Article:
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The United States is expanding its ISS operations until 2030

The United States is expanding its operations International Space Station until 2030, NASA confirmed Friday in a blog post. “The International Space Station is the beacon of the global scientific consortium of science and for more than 20 years has brought about significant advances in science, education, and technology for the benefit of humankind,” said Bill Nelson, an NASA official.

While there is no doubt that the US will continue to commit itself to the ISS for a long time, NASA’s announcement comes amid major clashes with Russia, one of the few countries sharing space access to Space Station. 2021 also saw Russia expand its air alliance with China, another US enemy, e.g. The New York Times was announced in June.

The fall of 2021 took place several times in the ISS, all of which the US criticized Russia. In October, fire amazing test from a Russian naval vessel caused the ISS to shift from its position, prompting the occupants of the ship to evacuate. (Interesting footnote: The vessel that triggered the event was in the air so that Russian crews could take pictures first film climbing into Space Station.) Then, in November, satellite debris forced ISS astronauts to find shelter per day as an attack on Russian missiles. The US blamed Russia for the plot. Russia has not admitted any wrongdoing.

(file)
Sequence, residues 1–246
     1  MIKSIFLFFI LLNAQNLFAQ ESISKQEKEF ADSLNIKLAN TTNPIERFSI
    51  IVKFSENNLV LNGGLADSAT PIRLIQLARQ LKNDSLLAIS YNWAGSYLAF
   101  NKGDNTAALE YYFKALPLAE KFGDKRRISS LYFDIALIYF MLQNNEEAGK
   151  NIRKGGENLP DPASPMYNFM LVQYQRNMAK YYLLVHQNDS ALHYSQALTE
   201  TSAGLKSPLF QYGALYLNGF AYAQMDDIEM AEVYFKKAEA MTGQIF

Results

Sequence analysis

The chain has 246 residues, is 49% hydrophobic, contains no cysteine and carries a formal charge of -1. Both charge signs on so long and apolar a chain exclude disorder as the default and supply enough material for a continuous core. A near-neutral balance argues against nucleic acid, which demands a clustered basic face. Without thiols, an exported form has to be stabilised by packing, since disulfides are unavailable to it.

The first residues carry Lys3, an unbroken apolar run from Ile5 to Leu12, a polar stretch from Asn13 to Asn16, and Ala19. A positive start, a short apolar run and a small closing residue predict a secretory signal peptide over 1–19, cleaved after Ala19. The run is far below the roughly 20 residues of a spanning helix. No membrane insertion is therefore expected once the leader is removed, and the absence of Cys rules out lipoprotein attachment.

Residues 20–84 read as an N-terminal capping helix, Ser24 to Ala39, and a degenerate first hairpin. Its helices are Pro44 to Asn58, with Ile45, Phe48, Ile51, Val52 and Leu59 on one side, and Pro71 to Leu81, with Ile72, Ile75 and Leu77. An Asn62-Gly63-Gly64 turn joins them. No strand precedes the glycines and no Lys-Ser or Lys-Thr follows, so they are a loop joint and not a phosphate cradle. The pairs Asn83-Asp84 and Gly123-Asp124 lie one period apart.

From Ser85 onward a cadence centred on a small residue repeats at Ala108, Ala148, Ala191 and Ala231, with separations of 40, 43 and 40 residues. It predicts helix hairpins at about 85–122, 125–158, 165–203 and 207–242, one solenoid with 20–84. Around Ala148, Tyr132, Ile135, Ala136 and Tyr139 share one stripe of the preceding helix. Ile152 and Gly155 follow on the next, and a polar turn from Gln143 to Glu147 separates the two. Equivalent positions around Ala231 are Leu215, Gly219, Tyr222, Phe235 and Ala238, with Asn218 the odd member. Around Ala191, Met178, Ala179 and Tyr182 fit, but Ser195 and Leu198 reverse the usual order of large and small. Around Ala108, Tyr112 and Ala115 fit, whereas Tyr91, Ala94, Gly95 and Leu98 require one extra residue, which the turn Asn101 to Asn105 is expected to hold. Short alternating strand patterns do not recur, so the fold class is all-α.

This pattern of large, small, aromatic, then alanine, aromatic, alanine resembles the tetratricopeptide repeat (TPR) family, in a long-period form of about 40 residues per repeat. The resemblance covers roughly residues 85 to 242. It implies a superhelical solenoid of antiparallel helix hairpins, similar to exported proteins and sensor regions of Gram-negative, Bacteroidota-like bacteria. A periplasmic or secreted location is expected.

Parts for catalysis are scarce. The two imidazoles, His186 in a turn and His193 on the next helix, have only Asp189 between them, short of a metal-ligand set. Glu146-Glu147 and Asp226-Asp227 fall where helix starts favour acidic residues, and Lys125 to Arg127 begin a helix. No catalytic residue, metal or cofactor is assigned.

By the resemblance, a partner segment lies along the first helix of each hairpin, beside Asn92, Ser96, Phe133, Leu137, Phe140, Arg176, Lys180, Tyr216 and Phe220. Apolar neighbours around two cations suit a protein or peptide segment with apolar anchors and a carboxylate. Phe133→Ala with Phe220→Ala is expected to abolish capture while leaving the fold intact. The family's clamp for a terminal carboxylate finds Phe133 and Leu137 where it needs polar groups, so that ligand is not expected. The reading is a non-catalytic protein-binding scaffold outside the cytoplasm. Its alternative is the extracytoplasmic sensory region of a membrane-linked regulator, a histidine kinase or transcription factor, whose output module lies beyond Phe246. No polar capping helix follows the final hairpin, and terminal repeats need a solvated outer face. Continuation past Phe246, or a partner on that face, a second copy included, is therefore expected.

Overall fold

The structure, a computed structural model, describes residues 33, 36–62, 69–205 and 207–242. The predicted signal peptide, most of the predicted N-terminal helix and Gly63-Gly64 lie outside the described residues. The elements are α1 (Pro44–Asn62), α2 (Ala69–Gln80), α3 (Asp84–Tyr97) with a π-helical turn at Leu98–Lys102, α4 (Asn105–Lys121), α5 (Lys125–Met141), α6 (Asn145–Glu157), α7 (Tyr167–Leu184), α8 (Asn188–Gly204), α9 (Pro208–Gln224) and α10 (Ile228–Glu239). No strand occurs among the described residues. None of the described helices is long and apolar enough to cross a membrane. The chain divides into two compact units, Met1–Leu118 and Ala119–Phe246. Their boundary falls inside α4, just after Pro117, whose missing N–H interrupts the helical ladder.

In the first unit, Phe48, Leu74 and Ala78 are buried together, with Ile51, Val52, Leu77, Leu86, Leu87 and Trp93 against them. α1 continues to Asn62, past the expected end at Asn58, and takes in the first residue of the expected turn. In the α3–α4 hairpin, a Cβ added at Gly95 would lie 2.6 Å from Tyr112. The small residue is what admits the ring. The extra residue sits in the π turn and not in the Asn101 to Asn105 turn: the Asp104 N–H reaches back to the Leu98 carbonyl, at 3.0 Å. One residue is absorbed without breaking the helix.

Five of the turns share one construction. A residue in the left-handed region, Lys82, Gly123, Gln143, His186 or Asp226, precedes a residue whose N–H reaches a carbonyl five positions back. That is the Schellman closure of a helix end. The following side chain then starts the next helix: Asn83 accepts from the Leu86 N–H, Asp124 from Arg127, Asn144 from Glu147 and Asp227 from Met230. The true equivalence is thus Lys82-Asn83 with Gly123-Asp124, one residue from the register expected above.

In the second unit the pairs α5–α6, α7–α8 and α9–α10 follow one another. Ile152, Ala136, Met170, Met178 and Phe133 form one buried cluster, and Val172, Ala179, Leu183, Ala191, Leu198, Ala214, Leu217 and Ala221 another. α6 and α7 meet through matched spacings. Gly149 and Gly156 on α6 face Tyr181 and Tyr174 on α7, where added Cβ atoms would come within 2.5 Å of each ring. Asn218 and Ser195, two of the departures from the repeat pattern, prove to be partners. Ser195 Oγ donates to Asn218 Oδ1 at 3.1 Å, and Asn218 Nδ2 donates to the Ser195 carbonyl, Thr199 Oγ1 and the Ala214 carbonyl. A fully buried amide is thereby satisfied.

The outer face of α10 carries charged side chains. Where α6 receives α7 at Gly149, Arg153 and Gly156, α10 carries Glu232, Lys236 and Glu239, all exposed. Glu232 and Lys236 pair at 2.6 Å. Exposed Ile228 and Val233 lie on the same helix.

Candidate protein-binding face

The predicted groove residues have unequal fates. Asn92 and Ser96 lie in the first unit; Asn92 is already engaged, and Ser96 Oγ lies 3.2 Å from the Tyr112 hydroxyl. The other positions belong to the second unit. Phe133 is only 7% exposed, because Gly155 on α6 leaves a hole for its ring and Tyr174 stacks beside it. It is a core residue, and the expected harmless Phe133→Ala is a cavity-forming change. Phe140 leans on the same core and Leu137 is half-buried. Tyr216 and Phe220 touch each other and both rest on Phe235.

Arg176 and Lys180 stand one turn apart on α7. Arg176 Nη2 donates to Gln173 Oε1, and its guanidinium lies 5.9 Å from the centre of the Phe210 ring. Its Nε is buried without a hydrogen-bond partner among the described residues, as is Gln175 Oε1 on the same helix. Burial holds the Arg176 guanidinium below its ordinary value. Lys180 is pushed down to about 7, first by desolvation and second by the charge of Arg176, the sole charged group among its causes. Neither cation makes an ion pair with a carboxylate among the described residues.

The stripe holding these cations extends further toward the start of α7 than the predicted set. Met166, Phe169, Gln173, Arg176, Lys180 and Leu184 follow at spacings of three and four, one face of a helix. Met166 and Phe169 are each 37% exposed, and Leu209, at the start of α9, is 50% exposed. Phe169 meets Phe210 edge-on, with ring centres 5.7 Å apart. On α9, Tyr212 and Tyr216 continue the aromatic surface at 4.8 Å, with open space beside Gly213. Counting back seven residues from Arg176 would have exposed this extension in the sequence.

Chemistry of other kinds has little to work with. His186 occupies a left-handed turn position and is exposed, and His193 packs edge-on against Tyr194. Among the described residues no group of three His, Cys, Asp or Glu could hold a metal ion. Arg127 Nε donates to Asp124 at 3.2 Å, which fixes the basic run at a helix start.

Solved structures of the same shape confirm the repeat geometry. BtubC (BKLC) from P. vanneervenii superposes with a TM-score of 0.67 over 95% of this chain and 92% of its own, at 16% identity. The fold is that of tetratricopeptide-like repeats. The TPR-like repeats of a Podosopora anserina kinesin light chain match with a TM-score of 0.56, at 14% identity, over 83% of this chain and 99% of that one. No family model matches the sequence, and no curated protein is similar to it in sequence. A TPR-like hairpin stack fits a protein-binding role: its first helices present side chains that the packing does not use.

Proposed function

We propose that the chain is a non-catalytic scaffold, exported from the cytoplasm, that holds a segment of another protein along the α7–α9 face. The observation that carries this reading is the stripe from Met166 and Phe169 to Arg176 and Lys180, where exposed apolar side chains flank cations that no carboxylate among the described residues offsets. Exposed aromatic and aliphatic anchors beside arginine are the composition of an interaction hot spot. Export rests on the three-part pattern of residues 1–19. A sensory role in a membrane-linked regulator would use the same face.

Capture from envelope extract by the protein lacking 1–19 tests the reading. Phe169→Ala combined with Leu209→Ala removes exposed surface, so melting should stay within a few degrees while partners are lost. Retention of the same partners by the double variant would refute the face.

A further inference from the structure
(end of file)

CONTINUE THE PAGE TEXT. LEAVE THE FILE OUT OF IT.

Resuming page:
Later that same month, in a separate state, the Russian space agency, Roscosmos, left the door open to report potential cases in connection with the 2018 incident involving the crash of one of its planes, which Russian journalists say could be the cause of the US uprising. “These demonstrations are false and untrustworthy,” Nelson said he tells Ars Technica in November.

In a statement Friday, NASA reviewed its ongoing mission to send people to Mars, as well as Works by Artemis, attempting to send the first woman and the first man of color to the Moon. Yes, NASA was revised in September which seemed to reflect the significance of its orbits around the Moon and Mars.

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